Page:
Ocasio-Cortez Never Steered Money to a Key Arm of Her Party. Until Now.

By Equipo
7 Min Read

Representative Alexandria Ocasio-Cortez has made her first-ever contribution to the campaign arm of House Democrats — a $260,000 donation that is a milestone in the New York Democrat’s long and complicated relationship with her own party’s political establishment.

In an interview, Ms. Ocasio-Cortez said her decision to give to the campaign arm, the Democratic Congressional Campaign Committee, was driven primarily by the dire threat of Republicans staying in power. She feared a Republican-controlled House would not certify a potential re-election of President Biden this fall.

“The entire country saw a terrorist attack on the United States Capitol that was predicated on not certifying the duly submitted results of a presidential election,” Ms. Ocasio-Cortez said of the riot on Jan. 6, 2021. “And if anybody thinks that that was not a dress rehearsal for what they may try to attempt in January of 2025, I’m sorry to say, but I think that’s a very naïve assumption.”

Ms. Ocasio-Cortez rocked the Democratic establishment in 2018 when she defeated one of the most powerful members of Congress in a stunning primary upset, ousting Joseph Crowley, who represented a diverse district in Queens and the Bronx and who was in line to be a potential House speaker. She arrived on Capitol Hill as the youngest woman ever elected to the House and as an instant insurgent instigator who protested that fall in the office of the incoming House speaker, Nancy Pelosi, before even being sworn in.

But Ms. Ocasio-Cortez quickly began to work within the political system, building alliances and pressing for policies that have been included in legislation. Her transfer of funds was another step in the 34-year-old lawmaker’s evolution inside the Democratic Party.

Ms. Ocasio-Cortez said the cash transfer represented her assessment that House Democratic leadership had changed sufficiently to now merit her money.

“If we take a look at it, we have the entirety of House leadership has now changed,” she said, citing the exit of Representatives Nancy Pelosi, Steny Hoyer and James Clyburn from the top of the House Democratic hierarchy.

“We’ve exerted a lot of our power through our existing channels,” she added. “Now it’s time to assert our influence in larger institutions, including the D.C.C.C.”

Almost immediately after her election, Ms. Ocasio-Cortez became the face of a small cohort of progressives known as “the squad” that tried to pull the party to the left politically and on policy. She was a rising star on the left and vilified relentlessly on the right. Early reports that she was considering backing a primary challenge to another prominent New York Democrat, Representative Hakeem Jeffries, who is now the party’s leader, created added friction withing her party even if such a challenge never emerged.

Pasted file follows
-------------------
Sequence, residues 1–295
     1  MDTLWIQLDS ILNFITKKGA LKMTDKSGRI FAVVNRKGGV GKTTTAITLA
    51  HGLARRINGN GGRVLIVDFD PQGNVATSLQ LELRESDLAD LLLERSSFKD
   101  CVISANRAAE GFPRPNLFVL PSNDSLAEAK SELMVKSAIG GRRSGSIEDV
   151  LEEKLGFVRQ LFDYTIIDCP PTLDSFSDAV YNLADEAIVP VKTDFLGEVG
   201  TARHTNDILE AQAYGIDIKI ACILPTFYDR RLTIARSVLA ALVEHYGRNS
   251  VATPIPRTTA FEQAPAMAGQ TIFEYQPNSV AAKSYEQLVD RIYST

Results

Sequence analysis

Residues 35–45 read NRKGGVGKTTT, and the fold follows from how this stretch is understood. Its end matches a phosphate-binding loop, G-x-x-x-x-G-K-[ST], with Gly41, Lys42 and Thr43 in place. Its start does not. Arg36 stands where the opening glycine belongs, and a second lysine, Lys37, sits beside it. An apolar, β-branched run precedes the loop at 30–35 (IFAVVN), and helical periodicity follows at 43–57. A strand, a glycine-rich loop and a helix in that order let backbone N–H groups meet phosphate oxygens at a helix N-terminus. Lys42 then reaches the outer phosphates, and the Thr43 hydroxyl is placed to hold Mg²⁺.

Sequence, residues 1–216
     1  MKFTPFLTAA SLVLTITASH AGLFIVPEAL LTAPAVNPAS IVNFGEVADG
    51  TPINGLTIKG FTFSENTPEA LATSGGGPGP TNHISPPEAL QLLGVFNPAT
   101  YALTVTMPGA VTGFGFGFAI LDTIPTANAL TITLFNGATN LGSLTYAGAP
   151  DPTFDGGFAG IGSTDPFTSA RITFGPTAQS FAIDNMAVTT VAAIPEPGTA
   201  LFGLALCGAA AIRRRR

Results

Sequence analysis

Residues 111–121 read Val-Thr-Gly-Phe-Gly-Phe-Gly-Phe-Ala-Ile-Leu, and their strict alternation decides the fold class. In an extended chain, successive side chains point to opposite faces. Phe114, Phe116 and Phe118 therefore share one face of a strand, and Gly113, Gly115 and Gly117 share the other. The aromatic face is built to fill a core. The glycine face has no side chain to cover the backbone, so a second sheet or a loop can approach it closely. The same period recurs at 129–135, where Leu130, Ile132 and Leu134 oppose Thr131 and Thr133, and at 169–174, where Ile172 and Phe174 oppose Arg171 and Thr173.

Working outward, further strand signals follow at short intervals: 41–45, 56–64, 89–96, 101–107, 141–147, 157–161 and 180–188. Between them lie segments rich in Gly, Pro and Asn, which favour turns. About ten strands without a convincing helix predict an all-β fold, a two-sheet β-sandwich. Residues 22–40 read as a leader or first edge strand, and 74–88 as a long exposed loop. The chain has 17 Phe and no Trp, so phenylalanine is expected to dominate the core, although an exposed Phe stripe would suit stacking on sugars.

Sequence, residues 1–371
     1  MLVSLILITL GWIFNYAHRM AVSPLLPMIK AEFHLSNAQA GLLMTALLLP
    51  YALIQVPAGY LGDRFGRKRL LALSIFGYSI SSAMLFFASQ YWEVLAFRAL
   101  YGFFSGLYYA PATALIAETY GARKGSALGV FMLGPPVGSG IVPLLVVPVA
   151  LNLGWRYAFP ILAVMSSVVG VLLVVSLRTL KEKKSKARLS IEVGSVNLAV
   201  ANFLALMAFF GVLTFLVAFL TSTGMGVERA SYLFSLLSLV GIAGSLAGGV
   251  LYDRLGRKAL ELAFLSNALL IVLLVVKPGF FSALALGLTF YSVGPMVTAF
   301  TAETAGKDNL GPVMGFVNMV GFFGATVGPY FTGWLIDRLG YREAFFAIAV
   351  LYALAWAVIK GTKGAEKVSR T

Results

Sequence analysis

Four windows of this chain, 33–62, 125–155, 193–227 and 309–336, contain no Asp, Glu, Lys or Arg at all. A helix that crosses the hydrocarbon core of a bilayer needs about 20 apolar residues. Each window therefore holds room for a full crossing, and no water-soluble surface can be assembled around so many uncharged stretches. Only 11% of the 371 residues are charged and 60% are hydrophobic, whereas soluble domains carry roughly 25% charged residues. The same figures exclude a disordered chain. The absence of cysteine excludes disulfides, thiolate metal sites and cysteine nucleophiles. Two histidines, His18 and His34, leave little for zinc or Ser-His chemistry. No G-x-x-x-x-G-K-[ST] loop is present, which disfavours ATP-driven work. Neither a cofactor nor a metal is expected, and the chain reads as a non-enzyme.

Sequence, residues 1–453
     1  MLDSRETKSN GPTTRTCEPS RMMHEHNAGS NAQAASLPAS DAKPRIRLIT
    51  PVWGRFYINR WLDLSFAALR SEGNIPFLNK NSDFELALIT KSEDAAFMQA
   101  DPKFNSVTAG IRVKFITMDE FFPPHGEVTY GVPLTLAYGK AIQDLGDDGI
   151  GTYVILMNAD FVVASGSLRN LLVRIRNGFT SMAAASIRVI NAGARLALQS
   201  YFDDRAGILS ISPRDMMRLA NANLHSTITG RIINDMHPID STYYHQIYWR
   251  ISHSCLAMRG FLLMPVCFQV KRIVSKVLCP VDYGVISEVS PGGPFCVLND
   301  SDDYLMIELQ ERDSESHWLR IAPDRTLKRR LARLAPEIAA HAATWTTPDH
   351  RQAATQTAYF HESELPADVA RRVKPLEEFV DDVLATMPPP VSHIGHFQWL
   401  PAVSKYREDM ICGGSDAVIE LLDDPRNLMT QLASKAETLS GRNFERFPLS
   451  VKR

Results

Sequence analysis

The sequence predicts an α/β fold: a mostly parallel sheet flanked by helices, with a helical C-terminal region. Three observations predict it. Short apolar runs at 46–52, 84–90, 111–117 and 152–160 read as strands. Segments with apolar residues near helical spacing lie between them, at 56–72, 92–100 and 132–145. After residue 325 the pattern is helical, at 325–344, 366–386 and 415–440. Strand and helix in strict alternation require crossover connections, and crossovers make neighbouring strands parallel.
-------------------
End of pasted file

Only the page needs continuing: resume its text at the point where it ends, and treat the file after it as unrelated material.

In 2019, the Democratic Congressional Campaign Committee established a blacklist of consultants and vendors who worked for Ms. Ocasio-Cortez and other candidates who challenged incumbents. She and others loudly objected, and by 2021, the blacklist was dissolved.

“We spent a lot of time, since first coming into office in 2019, working to change this institution,” she said of the campaign committee. “And we have successfully done so.”

In a statement, Mr. Jeffries thanked Ms. Ocasio-Cortez for “helping us protect the integrity of the electoral process and take back the House in 2024,” calling her “a valuable member of the House Democratic Caucus who is a powerful voice for the voiceless and defender of democracy.”

Ms. Ocasio-Cortez has become one of the Democratic Party’s most prolific fund-raisers; her campaign committee has raised more than $37 million since 2019. She has raised another $11.1 million, according to her office, for nonfederal candidates and causes, including nonprofits, food banks and abortion-rights groups.

But until now, she had never given a dime to her own party’s leadership, even though House Democrats are each assigned “dues” that they are supposed to pay to remain members in good standing.

Ms. Ocasio-Cortez’s $260,000 contribution is earmarked specifically for the party’s Voter Protection Program. It is the first time a member of Congress has given money to a program that works on voter registration, poll observation and litigation.

Her PAC has another $500,000 that she said was intended to defend fellow members of the squad from party challengers, a sum that she noted was larger than her transfer to the campaign arm.

Ms. Ocasio-Cortez and the party are aware that her financial support could be used against candidates running in swing districts. But she said that with the earmarked funds, “we just tried to make that argument as ineffective for Republicans as possible.”

The “foundational element” of her decision to give now, Ms. Ocasio-Cortez said, was to make sure she helped Democrats take back the House, which Republicans only narrowly control now.

She said she had little confidence that Speaker Mike Johnson, who is set to appear at Mar-a-Lago on Friday with former President Donald J. Trump to make an “election integrity” announcement, would rebuff any efforts by Mr. Trump to overturn the election.

“This party has turned into a party of Trumpism and it has turned into a cult of personality,” she said. “I don’t know if Mike Johnson has it in him to defend our democracy against a threat like that.”

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